Do you find yourself worrying about things that have yet to happen or that might happen? Perhaps you often replay past experiences in your head, wishing you could change their outcome. If you’re nodding your head “yes,” don’t worry: most of us struggle with staying present, especially when experiencing strong emotions. This is why for my first blog post, I’m exploring the idea of using present-moment awareness to enrich the time we have with loved ones facing a terminal diagnosis.
Having personally lost both my sister and brother-in-law to separate, unforeseen illnesses, I know it’s not always easy to stay present; but my hope is that by sharing my experiences, knowledge, and resources, this post can help others make the most of their precious time together.
What is present-moment awareness?
Present-moment awareness involves staying focused on one’s current experience without judgement, rather than trying to predict the future or dwelling on the past. Present-moment awareness has been practiced for thousands of years but was made popular in the Western world by Jon Kabat-Zinn’s interpretation of mindfulness.
The benefits of staying present
Focusing on the past or future can leave us feeling worn out and less resilient, making us incapable of fully showing up for those we love. When we practice staying in the present moment, we are better able to respond to stress and communicate our emotions to others. Considering that emotions can easily run high when facing the death of a loved one, these are two very important benefits.
Visualize being present
Let’s try a quick exercise: Imagine you’re sitting in a hospital room with a family member or friend who has recently been diagnosed with a terminal illness. Naturally, everyone in this room will be experiencing a good deal of fear and uncertainty. You probably want to know how this person became sick and how much time they have left to live. You may also be wondering what their remaining quality of life will be like. These thoughts are absolutely normal; but nevertheless, they are distracting you from being 100% present with your loved one, and robbing you both of your current, limited time together.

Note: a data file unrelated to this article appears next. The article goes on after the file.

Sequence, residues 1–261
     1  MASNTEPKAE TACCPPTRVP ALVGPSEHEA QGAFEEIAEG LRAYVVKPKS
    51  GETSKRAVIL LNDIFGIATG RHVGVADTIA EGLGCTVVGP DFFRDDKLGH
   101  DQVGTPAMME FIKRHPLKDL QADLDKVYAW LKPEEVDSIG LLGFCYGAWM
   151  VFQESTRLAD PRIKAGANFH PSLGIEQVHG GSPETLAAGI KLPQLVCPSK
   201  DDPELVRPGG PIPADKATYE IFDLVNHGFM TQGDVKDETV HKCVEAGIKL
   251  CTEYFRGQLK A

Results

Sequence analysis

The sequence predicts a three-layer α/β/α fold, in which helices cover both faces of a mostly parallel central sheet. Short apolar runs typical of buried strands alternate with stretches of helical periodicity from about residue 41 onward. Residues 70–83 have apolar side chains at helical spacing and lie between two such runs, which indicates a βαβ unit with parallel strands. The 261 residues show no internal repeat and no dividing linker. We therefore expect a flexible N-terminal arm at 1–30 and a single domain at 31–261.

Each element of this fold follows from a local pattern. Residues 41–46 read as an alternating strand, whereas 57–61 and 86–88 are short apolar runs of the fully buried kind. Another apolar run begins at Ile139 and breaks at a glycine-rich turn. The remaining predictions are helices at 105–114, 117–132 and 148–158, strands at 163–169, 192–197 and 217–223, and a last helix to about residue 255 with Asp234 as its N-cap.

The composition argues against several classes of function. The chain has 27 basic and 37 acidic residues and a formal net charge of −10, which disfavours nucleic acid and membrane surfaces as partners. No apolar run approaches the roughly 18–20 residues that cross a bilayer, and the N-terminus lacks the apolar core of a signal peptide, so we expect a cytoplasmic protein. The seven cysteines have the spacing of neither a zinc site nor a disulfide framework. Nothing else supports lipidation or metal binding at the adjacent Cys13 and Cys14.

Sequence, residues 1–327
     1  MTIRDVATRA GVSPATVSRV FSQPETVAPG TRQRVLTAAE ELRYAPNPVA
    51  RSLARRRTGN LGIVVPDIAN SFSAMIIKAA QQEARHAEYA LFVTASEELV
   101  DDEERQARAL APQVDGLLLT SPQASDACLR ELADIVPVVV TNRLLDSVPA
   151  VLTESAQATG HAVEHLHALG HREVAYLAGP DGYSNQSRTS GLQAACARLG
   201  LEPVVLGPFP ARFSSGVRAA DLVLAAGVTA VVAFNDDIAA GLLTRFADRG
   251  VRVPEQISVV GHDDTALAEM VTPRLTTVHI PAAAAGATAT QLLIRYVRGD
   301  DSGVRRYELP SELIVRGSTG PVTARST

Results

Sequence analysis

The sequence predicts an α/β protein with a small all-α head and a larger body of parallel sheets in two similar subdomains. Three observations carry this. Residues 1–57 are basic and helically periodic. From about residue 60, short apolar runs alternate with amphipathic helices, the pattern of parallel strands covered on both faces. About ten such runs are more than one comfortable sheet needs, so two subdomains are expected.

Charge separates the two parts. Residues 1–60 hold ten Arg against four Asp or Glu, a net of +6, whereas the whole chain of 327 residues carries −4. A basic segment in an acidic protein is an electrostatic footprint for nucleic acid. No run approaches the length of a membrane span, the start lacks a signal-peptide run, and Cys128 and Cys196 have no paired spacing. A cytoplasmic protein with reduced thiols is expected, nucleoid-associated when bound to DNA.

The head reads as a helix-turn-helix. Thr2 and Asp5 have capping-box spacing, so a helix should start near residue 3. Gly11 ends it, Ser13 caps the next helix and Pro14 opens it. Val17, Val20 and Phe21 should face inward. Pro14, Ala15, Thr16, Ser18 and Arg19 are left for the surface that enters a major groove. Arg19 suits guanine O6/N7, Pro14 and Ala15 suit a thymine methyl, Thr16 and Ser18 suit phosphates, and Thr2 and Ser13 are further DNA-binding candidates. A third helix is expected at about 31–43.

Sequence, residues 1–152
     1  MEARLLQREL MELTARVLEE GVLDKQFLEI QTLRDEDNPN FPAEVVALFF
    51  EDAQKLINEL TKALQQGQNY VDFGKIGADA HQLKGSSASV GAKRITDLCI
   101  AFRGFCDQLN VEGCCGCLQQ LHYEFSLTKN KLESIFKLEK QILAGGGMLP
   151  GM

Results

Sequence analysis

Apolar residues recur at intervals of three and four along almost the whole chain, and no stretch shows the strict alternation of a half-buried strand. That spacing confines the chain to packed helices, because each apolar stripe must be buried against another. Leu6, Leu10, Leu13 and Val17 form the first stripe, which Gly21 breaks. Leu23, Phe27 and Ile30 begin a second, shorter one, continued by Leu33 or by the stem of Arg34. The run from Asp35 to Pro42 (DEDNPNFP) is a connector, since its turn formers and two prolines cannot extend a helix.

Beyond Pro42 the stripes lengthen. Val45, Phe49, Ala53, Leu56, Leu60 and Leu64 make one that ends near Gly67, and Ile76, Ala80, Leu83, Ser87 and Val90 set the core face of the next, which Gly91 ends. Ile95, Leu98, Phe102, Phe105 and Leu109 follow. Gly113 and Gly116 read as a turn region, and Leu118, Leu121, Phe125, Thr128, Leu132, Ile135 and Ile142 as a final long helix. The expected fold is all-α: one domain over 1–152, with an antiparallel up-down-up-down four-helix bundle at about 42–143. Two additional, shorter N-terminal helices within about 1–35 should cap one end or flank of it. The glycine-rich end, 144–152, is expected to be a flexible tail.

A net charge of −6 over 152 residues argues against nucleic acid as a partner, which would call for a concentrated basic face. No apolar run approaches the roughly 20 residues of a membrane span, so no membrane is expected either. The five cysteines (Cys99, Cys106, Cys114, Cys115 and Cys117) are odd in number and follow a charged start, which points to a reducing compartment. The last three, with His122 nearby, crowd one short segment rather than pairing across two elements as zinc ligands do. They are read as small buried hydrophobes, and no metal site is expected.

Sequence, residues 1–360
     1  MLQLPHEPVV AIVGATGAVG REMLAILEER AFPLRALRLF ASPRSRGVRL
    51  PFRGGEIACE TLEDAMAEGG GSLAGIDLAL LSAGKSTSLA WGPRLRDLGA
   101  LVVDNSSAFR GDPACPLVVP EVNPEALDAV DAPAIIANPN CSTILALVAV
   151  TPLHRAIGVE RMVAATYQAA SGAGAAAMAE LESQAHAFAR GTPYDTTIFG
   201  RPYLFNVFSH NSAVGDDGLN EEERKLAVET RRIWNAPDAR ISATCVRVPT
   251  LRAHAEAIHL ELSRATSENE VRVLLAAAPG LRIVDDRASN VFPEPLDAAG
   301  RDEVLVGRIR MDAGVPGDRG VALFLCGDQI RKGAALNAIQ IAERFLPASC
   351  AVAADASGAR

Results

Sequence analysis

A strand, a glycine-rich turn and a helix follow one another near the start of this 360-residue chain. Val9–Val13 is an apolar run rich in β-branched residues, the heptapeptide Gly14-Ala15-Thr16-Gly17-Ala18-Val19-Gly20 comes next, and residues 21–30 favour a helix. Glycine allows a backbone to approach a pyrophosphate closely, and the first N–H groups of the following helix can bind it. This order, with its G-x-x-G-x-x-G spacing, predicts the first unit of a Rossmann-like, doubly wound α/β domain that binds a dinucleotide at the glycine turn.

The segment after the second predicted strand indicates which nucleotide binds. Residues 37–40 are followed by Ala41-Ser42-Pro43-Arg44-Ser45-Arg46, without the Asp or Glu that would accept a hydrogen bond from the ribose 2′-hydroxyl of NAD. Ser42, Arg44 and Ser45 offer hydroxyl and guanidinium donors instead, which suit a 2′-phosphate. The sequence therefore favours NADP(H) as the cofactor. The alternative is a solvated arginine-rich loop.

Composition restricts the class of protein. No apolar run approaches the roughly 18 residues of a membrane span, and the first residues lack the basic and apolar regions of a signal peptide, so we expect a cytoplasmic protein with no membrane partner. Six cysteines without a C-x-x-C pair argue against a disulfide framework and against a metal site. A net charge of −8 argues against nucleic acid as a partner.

Practicing present-moment awareness can help you feel less consumed by your thoughts and emotions, and more aware of what’s really happening now. It can help you get outside of your “self” and tap into the emotions of those around you. And since research suggests that present-moment awareness can also decrease emotional reactivity, staying present can help you make decisions from a place of centeredness.
Staying present takes vulnerability and willingness
Let me share a personal example: When my sister, Victoria, was 51 years old, she was diagnosed with leukemia. I was devastated; Victoria and I were close, and I couldn’t imagine losing her. I immediately felt what I could only imagine so many of my patients’ families had felt over my 25-year career as a neurosurgeon: absolute fear. I couldn’t believe that I was suddenly forced onto the patient side of the doctor-patient relationship, completely unprepared to handle my own emotions, let alone be there for her.
But, while I was uncertain how I would be able to support Victoria during her illness, the relationship we had after her diagnosis was much stronger and more authentic. I was able to allow the protective barriers that I thought had served me so well as a surgeon to dissipate, leaving behind vulnerability and willingness—two key traits I needed to practice present-moment awareness during the time I had left with Victoria.
Staying present takes time